So how did the first Filipino festival I was involved in go? It went pretty great! There were no massive hiccups, and according to the organizers, it was the biggest one yet. To be honest, Kultura was nothing like I initially thought a festival of that kind would be. My sole experience with Filipino festivals had been the one time that I went to an ABS-CBN sponsored one with Paolo three years ago, and that wasn’t really much fun. For Kultura, however, it was overwhelmingly evident that every single thing that went into the festival was done with love. All the decisions were made with the intent of preserving Filipino culture, but doing so in such a way as to involve the youth. After all, it’s the youth who will keep the culture alive – without them, it dies. Shoutouts to CLUTCH and NAV, the Kapisanan’s arts immersion programs for Filipino youth ages 17-24. You all are a bunch of magnificent and talented artists.
The four-day festival was filled with traditional and modern variations on music and dance, different representations of Filipino regional street food that were nothing short of foodgasmic, contemporary twists on Filipino ternos and barongs, and an irreverently humorous presentation of Philippine history by the amazing Carlos Celdran! My bosses comped me a seat to If These Walls Could Talk, but sadly, I was kept busy with first and second cash count with the Special Events organizer as the performance was happening. I’m bummed about missing it, but the snippets that I did see were wonderfully informative.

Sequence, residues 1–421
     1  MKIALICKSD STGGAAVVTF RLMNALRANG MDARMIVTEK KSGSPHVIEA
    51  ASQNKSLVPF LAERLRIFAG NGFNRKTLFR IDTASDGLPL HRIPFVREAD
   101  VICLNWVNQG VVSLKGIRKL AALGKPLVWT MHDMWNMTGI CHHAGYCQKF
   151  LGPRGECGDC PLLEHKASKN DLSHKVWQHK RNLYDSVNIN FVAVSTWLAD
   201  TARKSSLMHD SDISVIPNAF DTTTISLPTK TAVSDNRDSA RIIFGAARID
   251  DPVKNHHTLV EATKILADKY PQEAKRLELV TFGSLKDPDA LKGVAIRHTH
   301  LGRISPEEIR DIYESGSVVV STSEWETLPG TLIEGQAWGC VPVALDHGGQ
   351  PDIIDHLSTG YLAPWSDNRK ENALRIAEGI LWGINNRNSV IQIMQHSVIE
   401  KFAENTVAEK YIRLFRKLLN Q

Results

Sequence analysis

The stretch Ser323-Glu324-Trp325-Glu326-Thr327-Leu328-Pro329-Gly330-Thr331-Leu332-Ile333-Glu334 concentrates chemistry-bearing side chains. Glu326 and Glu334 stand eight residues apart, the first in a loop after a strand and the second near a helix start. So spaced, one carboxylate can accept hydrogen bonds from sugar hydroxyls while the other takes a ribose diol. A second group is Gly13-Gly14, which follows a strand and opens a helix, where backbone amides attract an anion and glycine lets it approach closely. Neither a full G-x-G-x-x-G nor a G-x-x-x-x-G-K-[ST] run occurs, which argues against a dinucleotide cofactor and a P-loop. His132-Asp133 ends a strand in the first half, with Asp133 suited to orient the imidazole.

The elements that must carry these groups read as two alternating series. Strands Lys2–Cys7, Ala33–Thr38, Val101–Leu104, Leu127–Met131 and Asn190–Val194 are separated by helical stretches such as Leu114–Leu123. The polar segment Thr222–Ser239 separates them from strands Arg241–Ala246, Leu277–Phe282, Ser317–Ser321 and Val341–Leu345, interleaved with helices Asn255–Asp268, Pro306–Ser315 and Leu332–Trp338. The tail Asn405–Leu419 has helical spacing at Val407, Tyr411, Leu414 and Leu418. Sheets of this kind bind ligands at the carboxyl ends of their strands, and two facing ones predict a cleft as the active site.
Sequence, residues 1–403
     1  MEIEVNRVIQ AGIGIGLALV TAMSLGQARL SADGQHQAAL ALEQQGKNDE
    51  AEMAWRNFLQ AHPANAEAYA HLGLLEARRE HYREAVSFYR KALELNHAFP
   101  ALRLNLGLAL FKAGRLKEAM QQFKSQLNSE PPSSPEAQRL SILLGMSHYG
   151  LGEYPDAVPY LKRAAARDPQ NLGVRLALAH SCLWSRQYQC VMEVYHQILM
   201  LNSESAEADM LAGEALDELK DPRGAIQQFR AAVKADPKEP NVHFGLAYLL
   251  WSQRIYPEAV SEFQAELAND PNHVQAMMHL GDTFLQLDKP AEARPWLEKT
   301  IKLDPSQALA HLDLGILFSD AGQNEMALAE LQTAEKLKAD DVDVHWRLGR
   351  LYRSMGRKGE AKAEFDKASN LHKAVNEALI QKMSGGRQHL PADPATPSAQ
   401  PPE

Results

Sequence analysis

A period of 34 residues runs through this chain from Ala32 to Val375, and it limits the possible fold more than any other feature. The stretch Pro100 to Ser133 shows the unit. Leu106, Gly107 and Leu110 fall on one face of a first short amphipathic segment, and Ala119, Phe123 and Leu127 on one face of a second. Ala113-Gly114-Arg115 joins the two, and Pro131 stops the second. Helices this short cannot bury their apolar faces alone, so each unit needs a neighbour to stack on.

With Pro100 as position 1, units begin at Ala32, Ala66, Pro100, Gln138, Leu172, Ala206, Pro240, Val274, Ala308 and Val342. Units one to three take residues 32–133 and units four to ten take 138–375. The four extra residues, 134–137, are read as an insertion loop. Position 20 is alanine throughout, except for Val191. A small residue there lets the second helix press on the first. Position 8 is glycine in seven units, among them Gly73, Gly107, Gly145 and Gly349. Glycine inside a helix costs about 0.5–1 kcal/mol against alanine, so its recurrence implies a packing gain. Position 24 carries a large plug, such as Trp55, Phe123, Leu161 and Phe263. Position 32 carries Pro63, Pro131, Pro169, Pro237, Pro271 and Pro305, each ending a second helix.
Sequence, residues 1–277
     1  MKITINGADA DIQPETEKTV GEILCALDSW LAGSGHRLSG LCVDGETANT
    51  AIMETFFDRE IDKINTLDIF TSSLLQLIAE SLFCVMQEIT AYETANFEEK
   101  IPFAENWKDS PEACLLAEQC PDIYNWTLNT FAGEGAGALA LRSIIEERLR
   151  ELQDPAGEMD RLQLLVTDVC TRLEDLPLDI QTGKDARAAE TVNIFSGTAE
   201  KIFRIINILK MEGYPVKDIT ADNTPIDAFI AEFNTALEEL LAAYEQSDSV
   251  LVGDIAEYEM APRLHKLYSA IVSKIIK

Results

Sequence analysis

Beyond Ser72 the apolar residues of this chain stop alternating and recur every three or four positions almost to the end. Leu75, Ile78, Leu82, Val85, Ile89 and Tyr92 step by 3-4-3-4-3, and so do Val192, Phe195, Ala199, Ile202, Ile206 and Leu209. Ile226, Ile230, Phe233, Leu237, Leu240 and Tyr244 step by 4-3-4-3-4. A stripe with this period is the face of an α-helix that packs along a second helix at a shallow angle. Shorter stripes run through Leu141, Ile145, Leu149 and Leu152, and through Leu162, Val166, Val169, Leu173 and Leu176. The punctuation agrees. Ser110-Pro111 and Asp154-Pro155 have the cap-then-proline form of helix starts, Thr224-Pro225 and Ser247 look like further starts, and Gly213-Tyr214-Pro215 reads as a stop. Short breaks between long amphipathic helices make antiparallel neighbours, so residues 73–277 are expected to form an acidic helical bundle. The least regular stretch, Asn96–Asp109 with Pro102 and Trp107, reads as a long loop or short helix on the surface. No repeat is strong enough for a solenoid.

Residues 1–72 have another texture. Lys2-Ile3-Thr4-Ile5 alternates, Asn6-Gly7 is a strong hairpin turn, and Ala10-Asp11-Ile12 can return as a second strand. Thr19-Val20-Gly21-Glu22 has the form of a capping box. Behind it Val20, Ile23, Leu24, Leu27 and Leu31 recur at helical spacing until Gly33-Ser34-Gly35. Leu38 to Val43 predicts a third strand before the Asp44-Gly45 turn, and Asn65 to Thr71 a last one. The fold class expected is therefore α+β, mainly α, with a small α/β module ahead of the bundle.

I have to say, though, that while I did feel a little sad missing the performances in the festival, my experience has affirmed that I much prefer being backstage to being centre stage. All the whirl that goes on behind the scenes and prior to the event itself, like the social media blitzes, writing press releases, and interviewing and posting feature articles on the food vendors involved were what I enjoyed the most. I very much enjoyed helping put the event together, even if it was just in the little ways like organizing the volunteer lists and sending out email blasts, and even folding the flyers!
Someday I want to visit Kultura as a festival-goer, but I very much want to be involved as much as I can while I still can. I already finalized my schedule for the Kapisanan this fall semester, and I’m so excited to still be with this organization even after the summer festival. I’m glad they allowed me to stay. Cliche-ish as it may sound, I feel like I’ve found a place where I belonged in the Kapisanan. Next year, 2015, is going to be the 10th year of the Kultura Arts Festival, and it’s going to be big!
I’m also really glad that my friends and family made it out to the festival. I didn’t get to spend much time with them, but Mikaius told me that they very much enjoyed the food and the atmosphere. Chris made it out, as did my family, but I wasn’t able to take photographs with them because they came just as I was running around from vendor booths to the cashier tents. It was hectic, but in a fulfilling way.
To sum it all up, August 7-10 was one of the busiest weeks I’ve ever had in my life, as well as the most fulfilling. I’m glad that I was allowed the chance to work with the wonderful team at Kapisanan.
I think it’s fair to say that this summer has been the best I’ve had since I arrived in Canada.